Synthesis of Silica Membranes by Chemical Vapor Deposition Using a Dimethyldimethoxysilane Precursor
Oyama, S. Ted
MetadataShow full item record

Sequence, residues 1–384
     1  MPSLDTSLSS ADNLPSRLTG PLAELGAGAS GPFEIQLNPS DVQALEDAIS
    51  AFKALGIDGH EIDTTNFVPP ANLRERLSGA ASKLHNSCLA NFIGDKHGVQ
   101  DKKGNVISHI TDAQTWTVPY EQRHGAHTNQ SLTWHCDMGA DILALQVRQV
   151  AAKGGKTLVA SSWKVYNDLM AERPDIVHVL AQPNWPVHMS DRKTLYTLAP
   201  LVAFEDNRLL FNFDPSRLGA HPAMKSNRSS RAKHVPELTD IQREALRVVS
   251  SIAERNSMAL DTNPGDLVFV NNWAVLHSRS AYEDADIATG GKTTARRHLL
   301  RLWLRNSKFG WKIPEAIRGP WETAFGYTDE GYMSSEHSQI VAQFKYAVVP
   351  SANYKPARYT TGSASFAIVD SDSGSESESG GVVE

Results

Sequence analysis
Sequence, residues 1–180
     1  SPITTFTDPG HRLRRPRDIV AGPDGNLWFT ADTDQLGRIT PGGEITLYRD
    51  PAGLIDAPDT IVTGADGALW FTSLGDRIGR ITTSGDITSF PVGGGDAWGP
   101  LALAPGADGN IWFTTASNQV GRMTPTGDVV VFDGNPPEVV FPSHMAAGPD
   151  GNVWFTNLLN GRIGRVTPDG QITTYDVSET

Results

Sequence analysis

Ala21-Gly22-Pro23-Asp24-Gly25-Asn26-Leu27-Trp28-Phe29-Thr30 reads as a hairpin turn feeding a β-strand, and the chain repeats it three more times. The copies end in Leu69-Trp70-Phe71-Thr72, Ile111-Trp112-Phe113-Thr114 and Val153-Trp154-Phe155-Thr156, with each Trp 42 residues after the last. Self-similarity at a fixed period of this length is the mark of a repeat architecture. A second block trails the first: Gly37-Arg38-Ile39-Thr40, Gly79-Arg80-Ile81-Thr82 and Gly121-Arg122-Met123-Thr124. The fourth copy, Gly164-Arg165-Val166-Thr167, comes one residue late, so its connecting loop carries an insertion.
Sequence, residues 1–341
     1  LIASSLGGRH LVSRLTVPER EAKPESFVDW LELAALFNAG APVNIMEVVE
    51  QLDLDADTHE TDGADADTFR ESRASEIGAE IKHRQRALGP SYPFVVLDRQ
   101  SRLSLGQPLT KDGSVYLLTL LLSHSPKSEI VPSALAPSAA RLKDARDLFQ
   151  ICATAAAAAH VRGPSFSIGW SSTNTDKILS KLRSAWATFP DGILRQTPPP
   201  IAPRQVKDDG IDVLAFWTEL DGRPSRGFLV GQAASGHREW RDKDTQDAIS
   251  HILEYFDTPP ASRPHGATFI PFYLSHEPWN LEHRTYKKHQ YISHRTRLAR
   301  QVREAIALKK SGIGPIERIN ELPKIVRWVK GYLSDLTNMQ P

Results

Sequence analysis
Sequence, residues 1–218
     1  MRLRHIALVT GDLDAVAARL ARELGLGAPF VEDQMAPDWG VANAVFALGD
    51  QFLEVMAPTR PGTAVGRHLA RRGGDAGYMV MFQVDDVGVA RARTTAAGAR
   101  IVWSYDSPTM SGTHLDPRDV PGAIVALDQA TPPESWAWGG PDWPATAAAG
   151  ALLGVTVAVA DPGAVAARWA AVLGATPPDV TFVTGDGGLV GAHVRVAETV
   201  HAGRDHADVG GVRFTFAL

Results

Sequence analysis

Silica-based membranes prepared by chemical vapor deposition of tetraethylorthosilicate (TEOS) on γ-alumina overlayers are known to be effective for hydrogen separation and are attractive for membrane reactor applications for hydrogen-producing reactions. In this study, the synthesis of the membranes was improved by simplifying the deposition of the intermediate γ-alumina layers and by using the precursor, dimethyldimethoxysilane (DMDMOS). In the placement of the γ-alumina layers, earlier work in our laboratory employed four to five dipping-calcining cycles of boehmite sol precursors to produce high H2 selectivities, but this took considerable time. In the present study, only two cycles were needed, even for a macro-porous support, through the use of finer boehmite precursor particle sizes. Using the simplified fabrication process, silica-alumina composite membranes with H2 permeance > 10−7 mol m−2 s−1 Pa−1 and H2/N2 selectivity >100 were successfully synthesized. In addition, the use of the silica precursor, DMDMOS, further improved the H2 permeance without compromising the H2/N2 selectivity. Pure DMDMOS membranes proved to be unstable against hydrothermal conditions, but the addition of aluminum tri-sec-butoxide (ATSB) improved the stability just like for conventional TEOS membranes.